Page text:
Friday, January 22, 2010


Above is a dimly lit shot of Milford Haven looking towards the Hole in the Wall and the ice plant. I took this from the public landing on Gwynn's Island.

(Forgive me if it's not the ice plant. Just play along. That's what I've always called it. Mathews Mark will set me straight, no doubt. Before he does, let me just say that whatever it is officially called, my father worked there as a teenager, and ice was involved somehow or another.)

Speaking of the Hole in the Wall, which reminds me of fishing nightmares trips with my father across the bay, I'd like to take a day moment to talk about fishing.

Since Mathews is surrounded by water, most people here have gone subsistence pleasure fishing at some point or another. (Commercial fishing is another topic entirely, but rest assured Chesapeake Bay Woman has some stories about that.)

Some folks are fishing fanatics. Some are unwilling captives held hostage on a boat with their parents. Some have to listen to inane CB radio chatter while breathing in fish fumes. Still others are are lying down in the cabin turning green from yet another bumpy trip across the bay.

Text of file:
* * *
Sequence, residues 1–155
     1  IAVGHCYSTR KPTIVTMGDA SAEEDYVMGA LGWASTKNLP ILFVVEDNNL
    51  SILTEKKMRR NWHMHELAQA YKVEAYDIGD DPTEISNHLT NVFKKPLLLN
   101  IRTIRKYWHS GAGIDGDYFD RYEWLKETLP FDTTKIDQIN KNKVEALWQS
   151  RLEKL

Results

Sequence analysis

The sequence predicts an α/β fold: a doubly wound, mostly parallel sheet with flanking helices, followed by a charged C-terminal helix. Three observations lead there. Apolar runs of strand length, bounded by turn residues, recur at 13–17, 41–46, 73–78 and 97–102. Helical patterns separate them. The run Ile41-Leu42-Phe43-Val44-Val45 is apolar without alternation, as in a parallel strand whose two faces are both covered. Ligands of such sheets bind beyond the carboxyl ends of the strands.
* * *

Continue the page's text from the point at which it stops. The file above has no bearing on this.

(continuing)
My parents used to take the Chesapeake Bay Sisters fishing way too often quite a bit back in the day. We bottom fished. We trolled. We sometimes turned green from bouncing like a cork in the middle of the choppy bay. We sometimes swore we were never going across that bay again.

The nearby Mud Hole, at the mouth of the Piankatank River, was one of my father's favorite spots since it was so close to our creek. I remember catching so many spot there, you could almost put away your fishing gear and watch them jump in the boat. Spot and croaker are so plentiful here I grew to dread the smell of fried fish coming from the kitchen, because that meant a plate full of crust and bones. Spot are small, bony fish. Give me a nice filleted flounder any day. Please.

Anyway, he also took us way down the Piankatank River, where we did some trolling. Funny, but I don't recall ever catching one single fish while trolling. Those lures were sure fun to play with though. Except for those pesky hooks.

In adulthood I haven't done much fishing, but the few times I have gone are quite memorable.

For instance, there was the time I went surf fishing down in Nags Head on one of the windiest days of the year. It was blowing a gale, and the surf was rough.

Did I mention I had never done any fishing in the surf before? Well, that's because we don't do that around here in Mathews. We bottom fish on nice, calm creeks and rivers. Or we troll, which means you don't even have to touch the rod, the boat does all the work.